08. 04. 2019 Alessandro Romboli NetEye, NetEye ITOA

Anonymous Access for Wall Dashboards

Scenario

A lot of people who have a NetEye monitoring system will set up a Wall Dashboard to display the status of their most important services and vital performance data.

If these Dashboards are built using Grafana (in the ITOA menu in NetEye 4), you will encounter the problem that you will need to bypass the initial NetEye login screen where it prompts you for credentials.

Anonymous Access: Security Notice

Here is a way to enable anonymous access to Grafana.  However, it’s important to protect it by only allowing access from the Wall Dashboards!

Furthermore, it’s possible to restrict anonymous access to a specific Grafana Organization, publishing only those Dashboards there that can be publicly accessible.

Web Server Configuration

The configuration is quite simple: we will need to create a new web service without authentication.

To do this, connect to NetEye and edit the file:

/etc/httpd/conf/httpd.conf

Now add a second listener just under the line “Listen 80”:

Listen 81

Then add the following block at the end of the configuration file:

Note: Put all the IP addresses for the Wall Dashboard in the line “Allow from”, which is indicated above as a.a.a.a b.b.b.b c.c.c.c. For NetEye 4, you need to configure the:

firewall-cmd --permanent --add-port=81/tcp
firewall-cmd –reload

Then the httpd service must be restarted:

  • NetEye 3: service httpd restart
  • Neteye 4: systemctl restart httpd.service

Grafana Configuration

The second configuration step is to enable anonymous access in Grafana.  Open the file:

  • NetEye 3: /var/lib/neteye/grafana/etc/grafana.ini
  • NetEye 4: /neteye/shared/grafana/conf/grafana.ini

Look for the [auth.anonymous] section and edit it as follows:

[auth.anonymous]
# enable anonymous access
enabled = true
# specify organization name that should be used for unauthenticated users
org_name = "Main Org."
# specify role for unauthenticated users
org_role = Viewer

The Organization “Main Org.” is the default one. You can change it to another existing Grafana Organization name to limit the number of visible Dashboards.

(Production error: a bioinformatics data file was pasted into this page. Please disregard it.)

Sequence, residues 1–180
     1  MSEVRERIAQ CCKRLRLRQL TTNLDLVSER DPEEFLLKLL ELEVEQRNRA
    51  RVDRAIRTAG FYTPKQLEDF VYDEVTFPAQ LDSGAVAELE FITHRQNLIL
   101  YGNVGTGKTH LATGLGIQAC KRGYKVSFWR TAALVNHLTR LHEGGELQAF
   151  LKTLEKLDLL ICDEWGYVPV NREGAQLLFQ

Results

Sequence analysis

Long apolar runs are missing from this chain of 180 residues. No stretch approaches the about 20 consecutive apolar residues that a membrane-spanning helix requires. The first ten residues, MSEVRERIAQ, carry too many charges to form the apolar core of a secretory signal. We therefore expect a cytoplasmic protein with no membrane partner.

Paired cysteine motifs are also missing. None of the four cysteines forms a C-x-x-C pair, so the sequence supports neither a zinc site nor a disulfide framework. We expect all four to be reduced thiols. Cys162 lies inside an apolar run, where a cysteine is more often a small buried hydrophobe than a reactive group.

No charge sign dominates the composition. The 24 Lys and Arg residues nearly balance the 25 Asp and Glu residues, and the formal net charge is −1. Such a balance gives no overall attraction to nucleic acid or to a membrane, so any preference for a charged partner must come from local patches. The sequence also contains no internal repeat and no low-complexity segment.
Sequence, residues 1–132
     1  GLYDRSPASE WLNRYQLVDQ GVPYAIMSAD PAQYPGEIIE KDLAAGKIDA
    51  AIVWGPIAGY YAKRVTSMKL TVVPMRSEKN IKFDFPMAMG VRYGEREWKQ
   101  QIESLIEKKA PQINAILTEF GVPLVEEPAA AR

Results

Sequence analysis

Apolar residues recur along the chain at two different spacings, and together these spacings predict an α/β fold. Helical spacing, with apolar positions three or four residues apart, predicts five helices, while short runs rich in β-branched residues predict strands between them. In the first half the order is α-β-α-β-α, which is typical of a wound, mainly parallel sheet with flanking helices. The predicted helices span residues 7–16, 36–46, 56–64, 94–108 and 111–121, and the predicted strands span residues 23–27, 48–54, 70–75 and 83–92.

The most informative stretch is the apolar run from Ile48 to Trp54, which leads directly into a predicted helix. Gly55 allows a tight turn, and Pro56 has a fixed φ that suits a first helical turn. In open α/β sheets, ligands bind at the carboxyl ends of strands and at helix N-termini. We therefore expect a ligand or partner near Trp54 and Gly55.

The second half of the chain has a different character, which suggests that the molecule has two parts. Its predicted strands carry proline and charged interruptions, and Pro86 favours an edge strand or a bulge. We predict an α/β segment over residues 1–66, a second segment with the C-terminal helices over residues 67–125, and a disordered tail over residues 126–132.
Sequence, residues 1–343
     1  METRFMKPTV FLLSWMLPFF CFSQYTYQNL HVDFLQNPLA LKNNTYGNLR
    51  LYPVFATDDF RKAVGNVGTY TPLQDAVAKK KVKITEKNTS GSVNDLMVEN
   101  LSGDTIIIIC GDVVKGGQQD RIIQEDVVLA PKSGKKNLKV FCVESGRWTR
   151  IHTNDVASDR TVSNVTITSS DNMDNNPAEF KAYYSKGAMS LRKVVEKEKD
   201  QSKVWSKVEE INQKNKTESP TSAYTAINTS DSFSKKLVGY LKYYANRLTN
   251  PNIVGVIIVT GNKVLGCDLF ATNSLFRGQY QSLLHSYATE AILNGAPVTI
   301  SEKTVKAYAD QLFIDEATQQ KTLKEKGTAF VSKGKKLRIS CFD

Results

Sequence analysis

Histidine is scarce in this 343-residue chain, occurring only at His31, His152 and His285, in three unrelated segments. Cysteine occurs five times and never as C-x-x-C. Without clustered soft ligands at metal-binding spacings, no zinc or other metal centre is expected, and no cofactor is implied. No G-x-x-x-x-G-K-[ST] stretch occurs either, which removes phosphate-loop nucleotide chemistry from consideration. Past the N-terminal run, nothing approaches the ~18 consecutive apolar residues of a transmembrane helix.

The final step is to restart the grafana-server service:

  • NetEye 3: service grafana-server restart
  • Neteye 4: systemctl restart grafana-server.service

Anonymous Access from Wall Dashboards

Now our configuration is finished.  You can now access the Wall Dashboards using this web link:

http://neteye:81/grafana

(where “neteye” is the name of your NetEye server)

Alessandro Romboli

Alessandro Romboli

System Integration Consultant at Würth Phoenix
My name is Alessandro and I joined Würth-Phoenix early in 2013. I have over 20 years of experience in the IT sector: For a long time I've worked for a big Italian bank in a very complex environment, managing the software provisioning for all the branch offices. Then I've worked as a system administrator for an international IT provider supporting several big companies in their infrastructures, providing high availability solutions and disaster recovery implementations. I've joined the VMware virtual infrastructure in early stage, since version 2: it was one of the first productive Server Farms in Italy. I always like to study and compare different technologies: I work with Linux, MAC OSX, Windows and VMWare. Since I joined Würth Phoenix, I could also expand my experience on Firewalls, Storage Area Networks, Local Area Networks, designing and implementing complete solutions for our customers. Primarily, I'm a system administrator and solution designer, certified as VMware VCP6 DCV, Microsoft MCP for Windows Server, Hyper-V and System Center Virtual Machine Manager, SQL Server, SharePoint. Besides computers, I also like photography, sport and trekking in the mountains.

Author

Alessandro Romboli

My name is Alessandro and I joined Würth-Phoenix early in 2013. I have over 20 years of experience in the IT sector: For a long time I've worked for a big Italian bank in a very complex environment, managing the software provisioning for all the branch offices. Then I've worked as a system administrator for an international IT provider supporting several big companies in their infrastructures, providing high availability solutions and disaster recovery implementations. I've joined the VMware virtual infrastructure in early stage, since version 2: it was one of the first productive Server Farms in Italy. I always like to study and compare different technologies: I work with Linux, MAC OSX, Windows and VMWare. Since I joined Würth Phoenix, I could also expand my experience on Firewalls, Storage Area Networks, Local Area Networks, designing and implementing complete solutions for our customers. Primarily, I'm a system administrator and solution designer, certified as VMware VCP6 DCV, Microsoft MCP for Windows Server, Hyper-V and System Center Virtual Machine Manager, SQL Server, SharePoint. Besides computers, I also like photography, sport and trekking in the mountains.

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